Mountain Voice’ is a multi-media series of Climate Himalaya that captures the experiences, thoughts and opinions of people, practitioners, policy makers and researchers on various climate linked issues in the Himalayan region of South Asia. In this we interact with people to record their voices to understand the current situation by uploading them on its knowledge portal and YouTube channel that could be viewed by people worldwide. The objective of ‘Mountain Voice’ is to generate awareness about region at various levels, so that Himalayan mountains are recognized among the important places those need attention of the world leaders towards climate adaptation and sustainable development. You can see other similar videos at Link>>


Started in year 2010, ‘Climate Himalaya’ initiative has been working on Mountains and Climate linked issues in the Himalayan region of South Asia. In the last five years this knowledge sharing portal has become one of the important references for the governments, research institutions, civil society groups and international agencies, those have work and interest in the Himalayas. The Climate Himalaya team innovates on knowledge sharing, capacity building and climatic adaptation aspects in its focus countries like Bhutan, India, Nepal and Pakistan. Climate Himalaya’s thematic areas of work are mountain ecosystem, water, forest and livelihood. Read>>

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One Comment to “Connecting Dots: Communicating Climate Science In Himalayas”

  1. Stella Joy says:

    Dear Climate Himalaya
    My name is Stella Joy and I am one of the Directors of Active Remedy Ltd. We are an organisation within Mountain Partnership and Beyond 2015 and are presently adding to the UNISDR Dialogues on the Prevention Web concerning DRR and Post 2015 issues. We wish to share this information with you and hope it may be of interest and assistance.

    The sole objective of Active Remedy Ltd. is the protection and regeneration of the global fresh water cycle and the natural ecological factors, which maintain it. We feel that there is a severe lack of attention being focused on this matter and feel it to be critically important that it be raised as an imperative issue within the global agenda.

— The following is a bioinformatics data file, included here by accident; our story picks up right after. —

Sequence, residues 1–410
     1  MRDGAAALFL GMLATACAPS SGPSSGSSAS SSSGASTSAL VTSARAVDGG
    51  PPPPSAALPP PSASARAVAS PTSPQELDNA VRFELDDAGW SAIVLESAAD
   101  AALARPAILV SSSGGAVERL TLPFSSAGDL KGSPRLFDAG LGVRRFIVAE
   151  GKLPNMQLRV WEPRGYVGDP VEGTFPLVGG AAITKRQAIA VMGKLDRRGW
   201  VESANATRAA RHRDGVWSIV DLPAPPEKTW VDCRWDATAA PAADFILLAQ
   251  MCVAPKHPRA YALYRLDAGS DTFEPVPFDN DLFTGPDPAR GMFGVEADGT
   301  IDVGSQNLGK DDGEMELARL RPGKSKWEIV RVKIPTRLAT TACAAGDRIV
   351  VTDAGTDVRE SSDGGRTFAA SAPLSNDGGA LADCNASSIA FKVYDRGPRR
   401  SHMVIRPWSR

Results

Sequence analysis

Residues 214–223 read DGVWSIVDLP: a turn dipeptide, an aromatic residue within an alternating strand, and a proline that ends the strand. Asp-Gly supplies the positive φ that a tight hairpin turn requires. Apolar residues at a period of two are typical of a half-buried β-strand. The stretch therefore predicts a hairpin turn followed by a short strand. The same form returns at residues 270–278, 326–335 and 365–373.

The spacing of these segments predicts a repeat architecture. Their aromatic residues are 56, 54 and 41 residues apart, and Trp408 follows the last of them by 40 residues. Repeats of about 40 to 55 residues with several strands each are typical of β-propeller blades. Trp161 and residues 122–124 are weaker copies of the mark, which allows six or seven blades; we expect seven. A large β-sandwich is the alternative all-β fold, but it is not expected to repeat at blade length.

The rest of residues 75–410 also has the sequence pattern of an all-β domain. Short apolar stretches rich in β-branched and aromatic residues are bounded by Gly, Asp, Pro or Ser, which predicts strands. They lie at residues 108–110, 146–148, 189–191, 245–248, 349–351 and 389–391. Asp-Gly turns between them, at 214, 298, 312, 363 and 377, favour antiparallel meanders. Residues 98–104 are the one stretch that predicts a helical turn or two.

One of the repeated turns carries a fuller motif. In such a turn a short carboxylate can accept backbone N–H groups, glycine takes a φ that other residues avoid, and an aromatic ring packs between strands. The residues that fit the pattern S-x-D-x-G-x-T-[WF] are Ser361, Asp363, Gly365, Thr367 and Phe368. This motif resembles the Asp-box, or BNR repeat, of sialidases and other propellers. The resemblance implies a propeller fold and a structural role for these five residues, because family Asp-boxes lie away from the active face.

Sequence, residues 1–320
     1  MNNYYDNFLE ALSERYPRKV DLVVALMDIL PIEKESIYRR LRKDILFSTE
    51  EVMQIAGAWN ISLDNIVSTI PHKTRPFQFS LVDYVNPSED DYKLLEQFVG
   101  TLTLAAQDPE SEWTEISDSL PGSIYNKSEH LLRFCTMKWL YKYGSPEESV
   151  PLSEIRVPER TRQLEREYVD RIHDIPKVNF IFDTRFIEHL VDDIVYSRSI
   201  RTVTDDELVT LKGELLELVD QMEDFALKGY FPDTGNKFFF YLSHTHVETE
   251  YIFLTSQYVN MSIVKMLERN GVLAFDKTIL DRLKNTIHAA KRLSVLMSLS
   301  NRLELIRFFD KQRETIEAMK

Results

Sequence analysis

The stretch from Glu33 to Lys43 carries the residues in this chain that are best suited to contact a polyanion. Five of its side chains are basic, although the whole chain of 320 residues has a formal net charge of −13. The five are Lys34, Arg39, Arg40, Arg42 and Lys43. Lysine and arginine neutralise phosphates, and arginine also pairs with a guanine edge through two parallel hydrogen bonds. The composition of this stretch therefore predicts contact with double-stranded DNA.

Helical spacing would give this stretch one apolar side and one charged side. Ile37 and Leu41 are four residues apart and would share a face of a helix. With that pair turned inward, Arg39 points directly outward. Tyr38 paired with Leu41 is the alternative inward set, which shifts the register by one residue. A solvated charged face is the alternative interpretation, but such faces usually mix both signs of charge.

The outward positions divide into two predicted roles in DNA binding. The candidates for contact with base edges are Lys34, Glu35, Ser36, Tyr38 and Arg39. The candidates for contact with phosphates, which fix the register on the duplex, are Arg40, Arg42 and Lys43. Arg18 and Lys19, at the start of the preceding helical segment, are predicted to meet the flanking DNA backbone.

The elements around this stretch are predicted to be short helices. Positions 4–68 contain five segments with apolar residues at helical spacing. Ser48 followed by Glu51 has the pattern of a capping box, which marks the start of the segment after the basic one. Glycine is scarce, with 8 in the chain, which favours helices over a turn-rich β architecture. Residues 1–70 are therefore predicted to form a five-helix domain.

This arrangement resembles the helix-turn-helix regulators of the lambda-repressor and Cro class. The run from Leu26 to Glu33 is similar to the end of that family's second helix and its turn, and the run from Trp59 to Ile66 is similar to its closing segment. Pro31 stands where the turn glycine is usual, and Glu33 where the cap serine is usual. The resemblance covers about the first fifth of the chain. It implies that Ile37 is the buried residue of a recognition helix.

We are therefore working on initiating and hoping to implement a feasibility study, which could guide a global action plan in the protection and regeneration of the global fresh water cycle. We believe that the research we have gathered and the innovative method, which we have formulated for this purpose, has the potential to be used successfully worldwide. This is implicitly related to the Human Rights to Water and Food Security. We were also registered to attend ‘The Eleventh Conference of the Parties to the Convention on Biological Diversity’ (CBD COP 11)

    Paragraph 122 of The Future We Want states:

    “We recognize the key role that ecosystems play in maintaining water quantity and quality and support actions within the respective national boundaries to protect and sustainably manage these ecosystems.”

    We will continue to do all we can to highlight the key role that ecosystems, especially mountains, mountain forests and wetlands play in maintaining fresh water quantity and quality globally. We wish to see this and supportive efforts that protect, sustainably manage and restore these ecosystems given major focus and added into all dialogues concerning water, mountains, forests, biodiversity, sustainable development, climate change, disaster prevention and the Post 2015 Agenda.

    On the 25th September 2012 we added input into the U.N-Water Analytical Brief, which was being discussed and formulated in New York. We are very pleased to say that our input was accepted.

    This brief will later also include a summary of the findings emerging from the U.N.G.A Side Event, which was also held in New York on the 25th September 2012.

    Thank you for your time and consideration upon this.

    Best Regards
    Stella Joy